Sunday, December 16, 2012

Django Month: Django the Bastard (1969)

AKA: The Strangers Gundown or Django the Avenger

Now this is a cracking little Spaghetti western and probably my favourite of all the Django "sequels". Though there's little connection to the original film - don't expect any machine-gun action here - there is a strong similarity in tone that makes it a good cinematic soul mate. And if you're a fan of Clint Eastwood's High Plains Drifter and Pale Rider this is definitely one to check out because it's quite similar and pre-dates both. Here Django is played by Antony Steffen (or Antônio Luiz De Teffé to give him his real name) who starred in a whole bunch of Spaghetti westerns in the 60s and 70s and played the Django character in at least 5 other films. This one is more interesting than most though because he actually co-wrote the script and produced it.

story revolves around Django entering a frontier town where he begins to systemically hunt down and kill several bad guys. In cavalier fashion, he announces that they are going to die by sticking graveyard crosses in the ground with their names and that day's date on. At first we don't know why he's doing this, only that this final goal seems to be killing two men - wealthy sadistic rancher Rod Murdoch and his psychotic brother Luke. The most disturbing element to the story is that it's implied that Django may not actually be flesh and blood but potentially an avenger from beyond the grave!

So, yeah, it's sort of revenge flick with a little bit of supernatural mixed in (I'm such a sucker for these kind of films). The whole is he or isn't a ghost is left nicely ambiguous. For everything that points one way there's something else that points the other and it never settles the issue right up until the end. I liked that approach a lot. The story is riveting and nicely told. It does drag a little in the middle but the ending more than makes up for it. Once again, like the original Django, the film has a nice arc where the lead character starts off seemingly invincible only for things to get much tougher by the end.

Anthony Steffen is a little wooden in the title role but fits the part well. To be honest the film doesn't really demand much more from him than to just look menacing and stare at bad guys a lot. The one big weak point for the film is definitely the extended Civil War flashback in which we see a happy, carefree Django (!). I get that they wanted to make a contrast with who Django was then and is now but it's a really cheesy sequence that's both sloppily shot and acted. Steffen should definitely stick to just strong, silent type roles. The villains are also pretty memorable. There's a nice balance between the calm and methodical Rod and the demented and twisted Luke. Luciano Rossi goes gloriously over-the-top in playing the latter.

The directing was pretty good as well. I mean the set is quite cheap and low budget but the director, Sergio Garrone, manages to make the most of it and create a really gothic atmosphere by using a lot of low key lighting. A lot of the time it feels like you're watching a horror film. There was also a pleasing amount of stylised camera angles. Lots of overhead shots and dutch angles that you don't always see in these types of films. Much like the original Django, Garrone also uses a lot of crucifix imagery which fits perfectly with the old testament/"eye for an eye" atmosphere of the film.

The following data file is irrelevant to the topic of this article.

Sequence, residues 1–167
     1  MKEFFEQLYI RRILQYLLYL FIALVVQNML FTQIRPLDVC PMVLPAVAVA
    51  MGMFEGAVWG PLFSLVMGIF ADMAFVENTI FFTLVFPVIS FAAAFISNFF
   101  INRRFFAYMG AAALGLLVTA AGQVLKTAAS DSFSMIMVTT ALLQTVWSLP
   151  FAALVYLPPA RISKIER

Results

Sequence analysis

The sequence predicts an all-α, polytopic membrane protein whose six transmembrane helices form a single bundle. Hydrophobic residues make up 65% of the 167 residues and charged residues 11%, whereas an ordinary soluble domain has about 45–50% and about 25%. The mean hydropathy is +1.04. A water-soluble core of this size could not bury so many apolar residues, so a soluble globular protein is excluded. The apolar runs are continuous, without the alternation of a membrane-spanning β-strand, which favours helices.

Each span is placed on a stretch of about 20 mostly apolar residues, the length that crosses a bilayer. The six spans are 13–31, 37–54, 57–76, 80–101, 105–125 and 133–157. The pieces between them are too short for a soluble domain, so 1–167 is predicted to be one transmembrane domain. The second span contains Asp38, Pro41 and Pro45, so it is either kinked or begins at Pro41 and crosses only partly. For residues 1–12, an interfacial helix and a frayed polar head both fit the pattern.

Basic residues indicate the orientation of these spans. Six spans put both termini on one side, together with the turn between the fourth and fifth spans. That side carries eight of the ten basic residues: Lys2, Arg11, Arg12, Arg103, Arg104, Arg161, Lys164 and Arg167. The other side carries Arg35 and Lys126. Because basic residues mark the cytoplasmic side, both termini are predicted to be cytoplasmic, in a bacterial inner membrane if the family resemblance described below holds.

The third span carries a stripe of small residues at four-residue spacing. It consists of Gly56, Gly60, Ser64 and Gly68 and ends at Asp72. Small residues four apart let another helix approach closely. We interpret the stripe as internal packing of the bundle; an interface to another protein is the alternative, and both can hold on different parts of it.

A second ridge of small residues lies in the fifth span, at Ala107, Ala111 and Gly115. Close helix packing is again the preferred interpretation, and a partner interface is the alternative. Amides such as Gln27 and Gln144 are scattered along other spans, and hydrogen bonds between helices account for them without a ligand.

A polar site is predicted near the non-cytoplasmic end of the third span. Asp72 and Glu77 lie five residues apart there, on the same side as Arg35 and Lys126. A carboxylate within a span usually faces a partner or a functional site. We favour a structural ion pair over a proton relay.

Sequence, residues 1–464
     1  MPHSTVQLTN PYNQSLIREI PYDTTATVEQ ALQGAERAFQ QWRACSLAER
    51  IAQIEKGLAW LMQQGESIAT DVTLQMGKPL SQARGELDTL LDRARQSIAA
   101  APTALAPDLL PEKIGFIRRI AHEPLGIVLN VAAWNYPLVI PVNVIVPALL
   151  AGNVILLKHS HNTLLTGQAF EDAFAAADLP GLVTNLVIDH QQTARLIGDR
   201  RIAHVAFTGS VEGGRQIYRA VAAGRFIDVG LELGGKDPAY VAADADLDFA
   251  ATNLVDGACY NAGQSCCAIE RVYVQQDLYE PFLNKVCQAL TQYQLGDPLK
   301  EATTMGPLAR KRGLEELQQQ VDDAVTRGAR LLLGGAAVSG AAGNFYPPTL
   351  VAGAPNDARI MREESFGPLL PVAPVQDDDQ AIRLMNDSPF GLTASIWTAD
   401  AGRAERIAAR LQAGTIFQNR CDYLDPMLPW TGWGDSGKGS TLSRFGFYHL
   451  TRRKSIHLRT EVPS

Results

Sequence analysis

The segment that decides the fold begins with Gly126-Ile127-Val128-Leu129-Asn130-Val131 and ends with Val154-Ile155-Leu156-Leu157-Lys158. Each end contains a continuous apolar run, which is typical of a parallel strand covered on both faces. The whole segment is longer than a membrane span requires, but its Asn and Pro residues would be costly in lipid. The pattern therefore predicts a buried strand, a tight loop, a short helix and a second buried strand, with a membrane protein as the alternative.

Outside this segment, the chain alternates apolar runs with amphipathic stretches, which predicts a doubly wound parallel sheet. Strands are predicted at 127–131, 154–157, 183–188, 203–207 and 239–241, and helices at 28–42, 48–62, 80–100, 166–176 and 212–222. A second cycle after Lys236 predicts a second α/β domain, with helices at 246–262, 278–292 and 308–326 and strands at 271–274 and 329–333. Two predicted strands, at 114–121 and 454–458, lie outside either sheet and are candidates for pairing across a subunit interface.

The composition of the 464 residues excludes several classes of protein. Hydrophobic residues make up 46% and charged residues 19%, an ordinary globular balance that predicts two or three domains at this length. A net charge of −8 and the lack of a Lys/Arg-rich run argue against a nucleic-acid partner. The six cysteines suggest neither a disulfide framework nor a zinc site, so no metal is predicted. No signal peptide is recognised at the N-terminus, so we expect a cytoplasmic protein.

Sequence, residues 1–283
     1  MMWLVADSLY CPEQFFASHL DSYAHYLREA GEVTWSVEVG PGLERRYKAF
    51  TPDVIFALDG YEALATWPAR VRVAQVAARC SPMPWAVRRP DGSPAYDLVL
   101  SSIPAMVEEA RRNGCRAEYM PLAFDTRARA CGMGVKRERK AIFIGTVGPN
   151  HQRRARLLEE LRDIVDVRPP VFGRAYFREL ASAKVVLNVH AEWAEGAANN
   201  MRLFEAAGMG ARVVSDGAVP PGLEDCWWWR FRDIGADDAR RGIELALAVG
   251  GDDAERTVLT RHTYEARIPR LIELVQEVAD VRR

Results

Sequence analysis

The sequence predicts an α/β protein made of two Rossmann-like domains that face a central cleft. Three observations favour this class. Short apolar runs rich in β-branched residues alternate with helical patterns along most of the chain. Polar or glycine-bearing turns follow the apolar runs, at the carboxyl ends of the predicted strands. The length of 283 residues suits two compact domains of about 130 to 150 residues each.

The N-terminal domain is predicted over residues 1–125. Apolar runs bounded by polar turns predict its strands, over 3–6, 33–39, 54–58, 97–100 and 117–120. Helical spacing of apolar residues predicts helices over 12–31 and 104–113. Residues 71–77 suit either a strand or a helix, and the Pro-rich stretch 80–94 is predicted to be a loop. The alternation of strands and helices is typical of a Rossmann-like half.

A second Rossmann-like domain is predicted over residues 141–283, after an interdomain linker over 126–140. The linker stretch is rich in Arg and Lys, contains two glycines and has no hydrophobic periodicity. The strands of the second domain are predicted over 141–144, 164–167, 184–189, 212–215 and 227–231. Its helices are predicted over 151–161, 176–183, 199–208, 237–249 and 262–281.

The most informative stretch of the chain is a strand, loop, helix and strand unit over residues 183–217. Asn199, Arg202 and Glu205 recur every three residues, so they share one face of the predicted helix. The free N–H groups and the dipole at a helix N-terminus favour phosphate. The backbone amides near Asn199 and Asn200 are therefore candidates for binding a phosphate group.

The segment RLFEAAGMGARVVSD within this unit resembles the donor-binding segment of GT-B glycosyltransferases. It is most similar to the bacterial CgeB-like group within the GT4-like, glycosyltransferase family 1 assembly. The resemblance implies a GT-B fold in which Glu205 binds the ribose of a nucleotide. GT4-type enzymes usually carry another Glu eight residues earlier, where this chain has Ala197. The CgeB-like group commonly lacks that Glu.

Django the Bastard is a fantastic western that barely puts a foot wrong. Okay, it's not as great as the original but not far behind it either. If you're going to check out just one Django "sequel" make it this one.


Thursday, December 13, 2012

Django Month: Django Strikes Again (1987)

AKA: Django 2: Il Grande Ritorno

Before I get on the unofficial sequels I thought it best to cover the single official entry that was released in 1987. Though it wasn't directed by Sergio Corbucci (a guy called Nello Rossati directed it under the pseudonym Ted Archer), he did at least give them permission to use the character's name and back story which I was hoping would be a tacit seal of approval. Unfortunately the belated sequel feels very, very different from its predecessor. Visually and tonally it's got a lot more in common with 80s 'Nam-ploitation movies than it does with 60s Spaghetti westerns.

Django Strikes Again is set in the jungles (?) of Mexico and begins (rather symbolically) with two cowboys getting gunned down by a passing armoured steamboat. The boat in question belongs to the evil "El Diablo" Orlowsky and his band of cut throat mercenaries. Orlowsky has been using the ship to kidnap locals and force them into slavery in his silver mines. One of the women manages to escape and heads to the nearby monestry where she tells the familiar looking monk "Brother Ignatius" what's going on. Of course, Ignatius turns out to be none other than Django who, following the events of the first film, has renounced his life of violence. The woman informs Django that Orlowsky has kidnapped his daughter so he (literally) digs up his old guns and set out to take down Orlowsky and his whole operation.

I'll admit the the storyline isn't half bad. The idea of Django becoming monk seems quite fitting after what he went through at the end of the original film. And the idea of a villain running his operation from a steamboat is quite novel. The main problem is that the whole film is really quite sluggish and dull, particularly when you put it alongside the zippy pace of the original film. The action scenes are also far less memorable and pretty poorly shot. Sure Django busts out his trademark machine gun on several occasions but there's very little excitement to any of these scenes. They even try to stick in a few Arnie-style quips to spice it up but they pretty much all fall flat.